Want to buy bank shares (If you’re a taxpayer, you just did)
Posted by markharrison on October 9, 2008
It would appear as if Governments around the world have finally realised that the current financial crisis isn’t just about saving bankers’ bonuses, and that normal businesses and their employees are being affected.
So, we have the UK’s biggest (to date) bank bailout, with the Government putting up to £400,000,000,000 (four hundred billion) of money up.
Basically, in various ways, the Government is becoming a big investor in the stock markets and the money markets as follows:
- Up to £250 billion in loan guarantees. (Basically, a form of insurance policy, where a bank making a loan can pay a premium to the UK Government in exchange for the Government bailing out the loan if the organisation / person who borrowed the money defaults.) Potentially a nice little money-earner… but potentially a way to lose a lot of our cash.
- An increase of £100 billion in the Special Liquidity Scheme. This is a scheme in which we (as taxpayers) lend money to banks, but the banks put up their assets (mortgages) as security, so if the banks default on the loan to the Government, the Government can take over the mortgages.
- A straightforward loan of £25 billion to eight banks.
- An investment of £25 billion in bank “preference” shares.
The preference shares are interesting – they get a guaranteed rate of interest, and get that payout before ordinary shareholders would. However, in order to participate, banks need to make new promises on executive pay and normal dividends (which are likely to be cut.)
The executive pay one is interesting – the normal argument against this is that banks need to attract the “best” managers, and if they are only allowed to pay “only £500,000”, then “the best” will turn down the jobs and go and work overseas. I’m cynical about this – “the best” are, in many cases, the same people who steered the banks into this mess, and it’s not at all clear that economies where the top 1% earn 100 times what the bottom 10% do fare better than those where the ultra-rich / poor gap is a lot closer (say, Germany!)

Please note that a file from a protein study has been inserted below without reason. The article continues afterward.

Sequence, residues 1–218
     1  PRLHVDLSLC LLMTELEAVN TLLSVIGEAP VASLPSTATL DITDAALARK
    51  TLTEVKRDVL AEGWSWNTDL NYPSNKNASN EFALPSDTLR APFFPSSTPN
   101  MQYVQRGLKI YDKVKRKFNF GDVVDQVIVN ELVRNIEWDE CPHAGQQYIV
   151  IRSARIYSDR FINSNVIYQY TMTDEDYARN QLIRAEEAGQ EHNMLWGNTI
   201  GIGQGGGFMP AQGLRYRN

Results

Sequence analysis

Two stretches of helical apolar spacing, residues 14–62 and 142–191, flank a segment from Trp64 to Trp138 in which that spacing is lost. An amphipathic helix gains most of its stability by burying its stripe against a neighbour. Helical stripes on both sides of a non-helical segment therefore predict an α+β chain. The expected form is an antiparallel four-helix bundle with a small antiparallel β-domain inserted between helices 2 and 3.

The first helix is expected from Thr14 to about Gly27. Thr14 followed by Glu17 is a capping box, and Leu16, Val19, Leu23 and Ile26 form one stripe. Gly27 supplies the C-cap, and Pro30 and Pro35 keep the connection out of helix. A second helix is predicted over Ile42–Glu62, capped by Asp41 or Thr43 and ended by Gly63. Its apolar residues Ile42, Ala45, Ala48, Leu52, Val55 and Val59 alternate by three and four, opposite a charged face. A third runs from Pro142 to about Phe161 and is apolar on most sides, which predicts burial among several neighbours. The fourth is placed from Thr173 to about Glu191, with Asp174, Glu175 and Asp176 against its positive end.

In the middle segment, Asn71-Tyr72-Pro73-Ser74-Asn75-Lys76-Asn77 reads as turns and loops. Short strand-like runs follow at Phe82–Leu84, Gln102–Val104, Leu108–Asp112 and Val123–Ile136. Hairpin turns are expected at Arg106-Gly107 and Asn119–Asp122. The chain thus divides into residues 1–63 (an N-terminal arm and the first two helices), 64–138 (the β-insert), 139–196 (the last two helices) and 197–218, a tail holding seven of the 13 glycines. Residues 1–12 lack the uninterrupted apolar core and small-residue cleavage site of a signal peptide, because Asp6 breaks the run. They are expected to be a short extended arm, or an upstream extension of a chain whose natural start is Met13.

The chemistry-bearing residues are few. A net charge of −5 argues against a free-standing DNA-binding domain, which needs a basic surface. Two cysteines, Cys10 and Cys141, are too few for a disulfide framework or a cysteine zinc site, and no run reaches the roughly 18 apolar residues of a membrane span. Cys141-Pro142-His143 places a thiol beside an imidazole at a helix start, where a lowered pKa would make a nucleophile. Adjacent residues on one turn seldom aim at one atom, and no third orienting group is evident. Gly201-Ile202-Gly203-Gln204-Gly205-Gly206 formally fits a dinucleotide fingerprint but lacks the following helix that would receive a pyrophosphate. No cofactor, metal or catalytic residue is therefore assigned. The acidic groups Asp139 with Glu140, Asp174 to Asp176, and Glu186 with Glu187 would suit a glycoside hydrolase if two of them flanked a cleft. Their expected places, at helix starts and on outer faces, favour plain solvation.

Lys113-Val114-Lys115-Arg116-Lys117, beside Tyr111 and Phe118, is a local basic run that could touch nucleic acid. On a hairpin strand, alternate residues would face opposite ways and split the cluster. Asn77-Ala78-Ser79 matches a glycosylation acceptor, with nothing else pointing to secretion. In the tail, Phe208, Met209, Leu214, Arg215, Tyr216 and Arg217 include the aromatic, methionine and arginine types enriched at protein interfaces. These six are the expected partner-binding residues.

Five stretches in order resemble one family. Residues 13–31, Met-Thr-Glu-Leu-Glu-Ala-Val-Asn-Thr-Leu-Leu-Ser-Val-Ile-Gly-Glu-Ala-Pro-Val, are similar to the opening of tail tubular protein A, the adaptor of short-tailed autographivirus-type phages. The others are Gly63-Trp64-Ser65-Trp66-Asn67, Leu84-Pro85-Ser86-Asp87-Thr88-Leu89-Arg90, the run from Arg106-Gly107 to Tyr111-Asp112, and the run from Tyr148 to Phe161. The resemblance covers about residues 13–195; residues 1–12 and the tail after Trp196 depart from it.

Overall, there are some fine details to criticise in the plan, but overall it strikes me as a lot better than doing nothing.
However, it’s a gamble – if the economy recovers, then actually, the loans and investments the Government has made could pay off well for us. However, if the economy tanks anyway, then the bailout money could be throwing good after bad. The hope is that, in making this offer, the chances of avoiding a serious recession are much improved. It may well be that, even if this money is lost, it’s still better than the alternative of millions of more people out of work for several years.
Obviously, as a property investor, I’ve got a lot of self-interest riding on this – on the one hand, I want lending rates to come down, and it to be easy to borrow mortgages again… On the other hand, I’d like property prices to come down another 20-25%.
So, a cautious thumbs up, and fingers crossed on this.